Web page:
In Service

Redding Veterans Affairs Clinic…

Take a drive down Knighton Road, past Pacheco School, curving beyond the Churn Creek Golf Course and stretches of grassland punctuated by small clusters of trees. A quick right turn into the parking lot and you’ve arrived. Spanning more than 100,000 square feet, the new Veterans Affairs Clinic is hard to miss.

Swaths of windows punctuated by gray and white facades provide a modernist contrast to the surrounding landscape. It’s an oasis of sorts for the 13,000 North State veterans that the clinic serves. And after breaking ground in 2019 and opening its doors in December of 2021, the facility has hit its stride.

Photos by Melinda Hunter

“I had heart surgery a few months ago through the VA system and was very impressed with the systems in place,” says Brian Spiker, a Redding resident and Marine veteran. “I tell all the vets I see that I highly recommend the care there.”

Quality of care and attending to the shifting needs of the veteran population is paramount for the VA Clinic, says the VA’s Sarah Harris. “The VA is always making efforts to reach all sorts of vets. It does a really good job of constantly assessing how we can improve our environment of care and what do we need to do to serve our veterans. And they’re doing that all the time. It’s constantly evolving.”

Photos by Melinda Hunter

Part of that evolution was moving from the old facility on 351 Hartnell Ave. to the new space on Knighton Road. In addition to being more than 60 percent larger, the new VA Clinic brings together more resources under one roof. Twenty-two departments are housed within the clinic’s walls, including audiology, cardiology, gastroenterology, ophthalmology, occupational therapy, podiatry, radiology, urology and wound care. An urgent care department operates Monday through Friday.

Photos by Melinda Hunter

“We have a lot more services than we did before, and we’re able to expand those,” says Harris. “For example, the Housing and Urban Development/VA Supportive Housing team and our home-based primary care team used to be in a whole other building on the other side of town, and we were able to close down that building and bring them here. Physical therapy used to be over on Cypress, and they came into the new facility. It condenses down how much travel you have to make.”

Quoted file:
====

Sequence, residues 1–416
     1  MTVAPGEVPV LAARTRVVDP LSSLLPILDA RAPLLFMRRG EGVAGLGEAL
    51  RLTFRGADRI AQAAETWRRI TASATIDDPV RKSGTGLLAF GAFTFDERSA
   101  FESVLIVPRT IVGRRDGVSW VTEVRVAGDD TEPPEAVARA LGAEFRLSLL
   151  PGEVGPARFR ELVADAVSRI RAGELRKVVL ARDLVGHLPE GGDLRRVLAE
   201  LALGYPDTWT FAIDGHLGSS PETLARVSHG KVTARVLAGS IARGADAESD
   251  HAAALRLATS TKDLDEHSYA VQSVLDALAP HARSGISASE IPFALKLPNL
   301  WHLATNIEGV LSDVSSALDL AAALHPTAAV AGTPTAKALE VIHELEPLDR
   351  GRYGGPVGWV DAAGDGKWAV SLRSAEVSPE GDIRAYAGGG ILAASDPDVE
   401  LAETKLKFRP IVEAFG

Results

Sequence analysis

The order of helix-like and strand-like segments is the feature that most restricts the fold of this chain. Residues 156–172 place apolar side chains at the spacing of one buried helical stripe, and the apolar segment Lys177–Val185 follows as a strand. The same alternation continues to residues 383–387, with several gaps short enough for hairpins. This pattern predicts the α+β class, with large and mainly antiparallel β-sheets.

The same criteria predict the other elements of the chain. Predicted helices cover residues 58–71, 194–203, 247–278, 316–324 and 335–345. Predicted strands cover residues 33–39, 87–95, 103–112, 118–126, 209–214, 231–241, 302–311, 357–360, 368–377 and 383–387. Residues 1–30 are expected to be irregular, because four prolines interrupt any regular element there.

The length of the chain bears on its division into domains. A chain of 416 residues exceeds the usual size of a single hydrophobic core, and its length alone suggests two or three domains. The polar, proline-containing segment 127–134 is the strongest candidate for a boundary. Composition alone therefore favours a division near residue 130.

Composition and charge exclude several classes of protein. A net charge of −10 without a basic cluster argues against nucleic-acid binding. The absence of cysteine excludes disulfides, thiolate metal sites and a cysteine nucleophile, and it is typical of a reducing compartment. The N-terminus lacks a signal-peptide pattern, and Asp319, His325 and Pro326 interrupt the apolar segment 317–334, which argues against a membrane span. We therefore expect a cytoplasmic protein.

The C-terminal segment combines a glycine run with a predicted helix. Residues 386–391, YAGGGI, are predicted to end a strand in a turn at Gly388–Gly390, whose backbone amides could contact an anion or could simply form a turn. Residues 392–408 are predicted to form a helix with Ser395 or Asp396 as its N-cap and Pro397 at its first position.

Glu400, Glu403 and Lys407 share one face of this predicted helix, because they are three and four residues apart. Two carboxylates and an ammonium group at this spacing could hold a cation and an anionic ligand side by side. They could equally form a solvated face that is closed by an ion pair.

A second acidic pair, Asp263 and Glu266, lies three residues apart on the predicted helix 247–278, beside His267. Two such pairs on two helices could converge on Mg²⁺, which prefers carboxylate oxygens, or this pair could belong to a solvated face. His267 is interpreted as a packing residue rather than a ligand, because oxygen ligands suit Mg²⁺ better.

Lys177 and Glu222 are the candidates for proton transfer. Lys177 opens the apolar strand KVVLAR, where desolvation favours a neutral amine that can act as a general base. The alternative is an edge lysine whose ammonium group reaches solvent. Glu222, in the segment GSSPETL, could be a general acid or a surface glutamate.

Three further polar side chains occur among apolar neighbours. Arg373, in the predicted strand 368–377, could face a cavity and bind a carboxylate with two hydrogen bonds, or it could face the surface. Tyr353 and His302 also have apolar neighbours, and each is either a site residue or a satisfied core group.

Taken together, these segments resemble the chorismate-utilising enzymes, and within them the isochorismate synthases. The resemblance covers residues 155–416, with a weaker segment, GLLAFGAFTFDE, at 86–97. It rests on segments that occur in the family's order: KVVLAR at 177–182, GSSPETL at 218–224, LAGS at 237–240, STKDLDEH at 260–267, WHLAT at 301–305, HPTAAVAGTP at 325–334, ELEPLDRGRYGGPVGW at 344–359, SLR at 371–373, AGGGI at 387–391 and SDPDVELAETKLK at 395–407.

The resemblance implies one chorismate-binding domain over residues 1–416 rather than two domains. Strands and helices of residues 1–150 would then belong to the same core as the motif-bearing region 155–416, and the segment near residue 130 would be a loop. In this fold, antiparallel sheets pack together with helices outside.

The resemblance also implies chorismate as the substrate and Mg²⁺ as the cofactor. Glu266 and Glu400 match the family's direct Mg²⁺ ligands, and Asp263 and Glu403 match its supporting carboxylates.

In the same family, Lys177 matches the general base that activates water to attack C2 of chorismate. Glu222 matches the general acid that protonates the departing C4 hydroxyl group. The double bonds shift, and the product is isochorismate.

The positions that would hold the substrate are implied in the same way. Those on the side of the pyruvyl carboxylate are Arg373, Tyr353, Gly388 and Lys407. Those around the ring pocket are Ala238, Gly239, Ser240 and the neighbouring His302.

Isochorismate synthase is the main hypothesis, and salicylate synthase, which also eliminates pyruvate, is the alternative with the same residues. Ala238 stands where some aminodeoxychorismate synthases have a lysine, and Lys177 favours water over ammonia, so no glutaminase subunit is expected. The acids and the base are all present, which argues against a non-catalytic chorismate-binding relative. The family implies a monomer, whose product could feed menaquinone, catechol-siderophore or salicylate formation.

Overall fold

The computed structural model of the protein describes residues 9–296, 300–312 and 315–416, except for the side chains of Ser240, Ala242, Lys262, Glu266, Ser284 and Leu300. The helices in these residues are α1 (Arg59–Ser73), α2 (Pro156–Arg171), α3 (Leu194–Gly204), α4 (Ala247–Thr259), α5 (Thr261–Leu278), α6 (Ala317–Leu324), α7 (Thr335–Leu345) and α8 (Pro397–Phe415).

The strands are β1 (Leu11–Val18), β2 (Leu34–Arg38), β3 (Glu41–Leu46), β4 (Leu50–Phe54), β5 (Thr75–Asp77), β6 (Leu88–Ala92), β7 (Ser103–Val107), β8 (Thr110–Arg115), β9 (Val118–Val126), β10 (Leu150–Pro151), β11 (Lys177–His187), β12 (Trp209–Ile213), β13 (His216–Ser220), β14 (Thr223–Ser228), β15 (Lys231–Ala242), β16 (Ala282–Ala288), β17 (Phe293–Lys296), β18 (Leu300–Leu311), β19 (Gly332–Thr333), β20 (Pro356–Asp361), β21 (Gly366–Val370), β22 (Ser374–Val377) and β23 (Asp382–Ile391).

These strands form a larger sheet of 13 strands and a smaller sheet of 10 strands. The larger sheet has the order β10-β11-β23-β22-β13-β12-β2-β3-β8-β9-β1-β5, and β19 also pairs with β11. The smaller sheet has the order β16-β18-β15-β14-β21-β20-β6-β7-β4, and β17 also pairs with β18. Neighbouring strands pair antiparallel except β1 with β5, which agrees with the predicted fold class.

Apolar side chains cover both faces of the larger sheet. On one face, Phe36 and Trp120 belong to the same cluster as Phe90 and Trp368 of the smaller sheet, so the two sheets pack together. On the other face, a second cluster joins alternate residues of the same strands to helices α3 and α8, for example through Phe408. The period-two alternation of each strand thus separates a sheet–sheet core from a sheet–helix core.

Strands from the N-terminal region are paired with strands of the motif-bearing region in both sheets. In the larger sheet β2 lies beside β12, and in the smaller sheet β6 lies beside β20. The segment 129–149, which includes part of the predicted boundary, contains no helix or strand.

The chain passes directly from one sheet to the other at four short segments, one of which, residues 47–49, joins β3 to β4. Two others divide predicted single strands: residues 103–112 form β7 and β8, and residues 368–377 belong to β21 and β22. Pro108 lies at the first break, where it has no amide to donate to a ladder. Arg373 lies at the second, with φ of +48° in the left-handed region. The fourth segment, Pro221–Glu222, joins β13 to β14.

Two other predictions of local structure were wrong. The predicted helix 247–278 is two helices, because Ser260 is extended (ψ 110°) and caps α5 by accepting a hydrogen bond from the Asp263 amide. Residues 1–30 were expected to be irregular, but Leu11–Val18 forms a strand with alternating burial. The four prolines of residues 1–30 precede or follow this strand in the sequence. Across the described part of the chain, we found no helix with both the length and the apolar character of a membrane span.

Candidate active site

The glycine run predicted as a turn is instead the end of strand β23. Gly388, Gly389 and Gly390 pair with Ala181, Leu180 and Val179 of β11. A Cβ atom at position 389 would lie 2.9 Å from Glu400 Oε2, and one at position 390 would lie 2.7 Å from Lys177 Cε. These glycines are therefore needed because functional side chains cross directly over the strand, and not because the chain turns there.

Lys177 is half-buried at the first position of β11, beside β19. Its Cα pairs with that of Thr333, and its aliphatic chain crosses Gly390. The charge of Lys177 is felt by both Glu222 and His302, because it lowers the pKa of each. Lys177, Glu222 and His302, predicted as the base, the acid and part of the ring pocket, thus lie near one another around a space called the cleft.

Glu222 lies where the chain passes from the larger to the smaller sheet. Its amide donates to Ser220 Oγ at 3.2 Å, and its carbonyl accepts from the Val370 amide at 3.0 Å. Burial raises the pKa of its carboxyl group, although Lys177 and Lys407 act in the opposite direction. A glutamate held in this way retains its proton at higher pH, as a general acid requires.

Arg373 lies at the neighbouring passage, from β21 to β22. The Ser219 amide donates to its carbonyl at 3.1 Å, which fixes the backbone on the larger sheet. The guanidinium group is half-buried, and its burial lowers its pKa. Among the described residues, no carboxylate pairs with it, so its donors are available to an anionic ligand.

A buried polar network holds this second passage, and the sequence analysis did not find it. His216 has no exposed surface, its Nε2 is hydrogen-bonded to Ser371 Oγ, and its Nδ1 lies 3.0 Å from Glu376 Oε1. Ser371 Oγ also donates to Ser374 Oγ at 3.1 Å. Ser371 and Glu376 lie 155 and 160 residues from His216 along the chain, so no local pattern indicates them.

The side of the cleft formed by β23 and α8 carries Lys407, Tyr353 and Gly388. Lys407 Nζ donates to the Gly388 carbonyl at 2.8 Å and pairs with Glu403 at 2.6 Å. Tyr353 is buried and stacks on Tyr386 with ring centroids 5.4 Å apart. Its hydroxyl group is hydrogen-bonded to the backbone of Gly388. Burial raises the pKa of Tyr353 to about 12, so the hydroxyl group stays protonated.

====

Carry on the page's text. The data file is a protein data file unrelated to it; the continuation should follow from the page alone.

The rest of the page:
Accessibility is a very present conversation for the VA, Harris says. In addition to partnering with the CalVet home across the street, the Knighton clinic also advocated for a RABA bus route to return, as well. “We worked really hard to partner with them and put veterans back on the top of that list and get them back out here. Getting here is really important.”

Photos by Melinda Hunter

Inside the clinic, natural light washes through the lobby and waiting areas. Handrails stud the hallways and exterior doors close slowly upon release. Departments abut breakout rooms and labs, flanked by wide hallways and floor-to-ceiling windows. These are details that architecture firm Nichols, Melburg & Rossetto took into consideration when they won the bid to design the new clinic.

“Our design goal was to create a calm, healing environment, an inspiring and clinically efficient healthcare workplace, and a sustainable and economical facility for our local veterans,” says Nathan Thompson, Associate Principal Architect, who worked on the design. “Consideration throughout the facility was given to aging, physical and mental disabilities, and loss of function and perceptual ability that can vary with each clinical area.”

Photos by Melinda Hunter

Twenty-two physicians work at the clinic, including seven full-time primary care providers, five providers for urgent care and 10 specialty providers. A residency program in collaboration with Shasta Regional Medical Center is also under development. Harris says about 70 percent of the employees are veterans. It’s a full-circle moment that those that served are now able to help serve others.

The facility represents one of the lifetime goals of Maurice Johannessen, who served as a Redding city councilman, Redding mayor, a member of the Shasta County Board of Supervisors, a state senator, and secretary of the California Department of Veterans Affairs. He owns the Knighton Road property and advocated tirelessly for construction of the clinic many years ago. •

Redding VA Clinic • 3455 Knighton Road, Redding (530) 226-7555
Hours: Monday-Friday, 7:30am – 4:30pm

Article written by:

Jill Tydor is a Baton Rouge, LA. native who has chosen the North State as her home. She is a writer and marketer with an MFA from California College of the Arts. Jill enjoys traveling, sunny days, and spicy food.

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